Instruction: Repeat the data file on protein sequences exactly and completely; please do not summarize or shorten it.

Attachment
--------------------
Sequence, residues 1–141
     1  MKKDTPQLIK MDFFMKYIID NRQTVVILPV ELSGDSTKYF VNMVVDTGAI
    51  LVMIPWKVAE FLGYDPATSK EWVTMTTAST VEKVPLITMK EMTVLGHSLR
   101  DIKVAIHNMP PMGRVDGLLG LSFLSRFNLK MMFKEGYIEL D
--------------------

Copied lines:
Sequence, residues 1–141
     1  MKKDTPQLIK MDFFMKYIID NRQTVVILPV ELSGDSTKYF VNMVVDTGAI
    51  LVMIPWKVAE FLGYDPATSK EWVTMTTAST VEKVPLITMK EMTVLGHSLR
   101  DIKVAIHNMP PMGRVDGLLG LSFLSRFNLK MMFKEGYIEL D